2010 is The Year of Information Visualization Theory. Here’s why.
Setting the Stage
As I pointed out recently, there hasn’t been much theoretical work at InfoVis in the last few years. With InfoVis becoming more mature, we need to develop a clearer understanding of how and why visualization works, how we can explore the design space more effectively, what solutions will likely work for a given data and task, etc.
Two papers at InfoVis 2009 set the stage for my bold prediction, Tamara Munzner’s A Nested Model for Visualization Design and Validation and Chris Weaver’s Conjunctive Visual Forms (PDF). Both are excellent papers that provide a lot of food for thought for further work.
Embedding InfoVis in Visual Representation
The Year itself starts with a book chapter: Caroline Ziemkiewicz and I contributed a chapter to a book, titled Embedding Information Visualization Within Visual Representation. The image at the top of this posting is from that chapter.
The idea was to extend Tory and Möller’s work, which used two criteria (discrete vs. continuous data and given vs. chosen spatial layout) to classify visualization techniques. We introduce a number of criteria that mesh very well with those criteria, but shed additional light on both information visualization’s internal structure, as well as how it is embedded in other forms of visual communication. Among the criteria we use are the type of mapping (surjective or bijective), readability and information loss, and the concept of notationality (developed by Nelson Goodman for visual languages). While it’s not a full taxonomy, we did find some interesting connections between seemingly unrelated areas, and even have some ideas for combinations of criteria that are not yet covered.
Another paper Caroline and I just got accepted at Advanced Visual Interfaces (AVI) is titled Implied Dynamics in Information Visualization. We conducted a study to gauge the influence of design elements like lines, borders, separation of parts, etc., in simple charts like pie charts, bar charts, and a few others. We found some very interesting effects that suggest that people associate a lot of meaning with these seemingly meaningless “decorations.”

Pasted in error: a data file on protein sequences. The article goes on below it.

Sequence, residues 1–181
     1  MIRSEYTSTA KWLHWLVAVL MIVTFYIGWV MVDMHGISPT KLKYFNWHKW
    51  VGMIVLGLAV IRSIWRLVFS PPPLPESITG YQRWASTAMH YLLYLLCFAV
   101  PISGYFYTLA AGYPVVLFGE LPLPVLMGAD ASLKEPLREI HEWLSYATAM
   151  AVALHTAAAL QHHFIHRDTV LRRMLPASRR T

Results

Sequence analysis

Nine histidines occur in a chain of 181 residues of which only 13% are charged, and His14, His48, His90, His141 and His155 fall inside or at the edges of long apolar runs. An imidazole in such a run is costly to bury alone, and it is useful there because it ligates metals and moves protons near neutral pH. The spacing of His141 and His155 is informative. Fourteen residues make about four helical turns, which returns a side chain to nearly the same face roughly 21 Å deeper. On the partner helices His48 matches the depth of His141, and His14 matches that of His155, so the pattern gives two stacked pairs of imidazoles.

In addition, we got some very interesting responses that point towards a perception of dynamism and movement in static scenes, even when looking at very simple graphical objects like charts. These can have an effect on the perception of the data being represented in a chart, and we are currently investigating these further.
InfoVis Theory Workshop (Planned)
Chris Weaver and I are planning to submit a workshop proposal on theory in InfoVis to VisWeek. The major goal is to get together people interested in theory to establish the need for this kind of research, discuss ideas, and develop strategies to get this work accepted more at the main venues. It’s still tough to get theory papers accepted when they don’t have a clear application, but so we need to figure out how to change the mindset a bit to carve out a viable theory niche.
We’re still discussing the format, but it looks like we’ll have several sessions with short position papers at the beginning of each to spark discussion. The focus will be on the discussions rather than the presentations, and we hope to end up with a lot of interesting ideas to compile into a whitepaper.
Based on some of the recent work mentioned above, Caroline and I wrote a little article for the Visualization Viewpoints column in Computer Graphics and Applications (CG&A), to appear in the September/October issue. It’s titled Beyond Bertin: Seeing the Forest Despite the Trees. If that sounds controversial, it was entirely unintended.
The paper argues for a more holistic view of visualization. Marks are a great basis, but we need to look at the bigger picture: how do we perceive entire visualizations? What part does the structure of the visualization play? How much information is in the marks, and how much is in the structure? Is a visualization really just a collection of marks?
Theresa-Marie Rhyne (the editor for Visualization Viewpoints) has timed that article perfectly with VisWeek. Together with the workshop (if it’s accepted), that should make for some interesting discussions.
There is more coming, pending reviews and acceptance in various places. I also happen to know of one very theoretical paper (not involving yours truly) to be published this year in a visualization journal.
What else is there? Do you have work that you consider theory that is about to be published or that was published recently? Let me know below or via the contact form, I’m always looking for more of this kind of work. Also, let me know if you have thoughts on the workshop. We have an idea where we want to go, but it’s still in an early stage. Any input from interested participants would be appreciated.